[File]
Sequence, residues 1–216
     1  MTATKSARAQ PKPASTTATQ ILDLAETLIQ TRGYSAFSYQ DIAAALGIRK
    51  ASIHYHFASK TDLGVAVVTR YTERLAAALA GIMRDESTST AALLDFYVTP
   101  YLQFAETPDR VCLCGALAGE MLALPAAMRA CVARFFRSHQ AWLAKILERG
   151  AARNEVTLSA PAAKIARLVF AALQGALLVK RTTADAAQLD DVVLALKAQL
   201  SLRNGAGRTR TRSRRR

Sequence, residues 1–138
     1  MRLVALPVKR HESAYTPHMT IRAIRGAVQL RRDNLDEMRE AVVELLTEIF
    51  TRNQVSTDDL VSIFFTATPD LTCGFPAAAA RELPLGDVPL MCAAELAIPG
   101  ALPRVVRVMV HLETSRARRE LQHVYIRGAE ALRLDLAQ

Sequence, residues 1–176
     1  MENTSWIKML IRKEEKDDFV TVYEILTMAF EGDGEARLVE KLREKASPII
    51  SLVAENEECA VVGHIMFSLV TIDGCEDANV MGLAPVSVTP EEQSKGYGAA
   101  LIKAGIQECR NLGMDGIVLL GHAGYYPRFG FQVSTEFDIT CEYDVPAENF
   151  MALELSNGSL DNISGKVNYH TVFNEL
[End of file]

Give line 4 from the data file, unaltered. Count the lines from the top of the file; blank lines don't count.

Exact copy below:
   101  YLQFAETPDR VCLCGALAGE MLALPAAMRA CVARFFRSHQ AWLAKILERG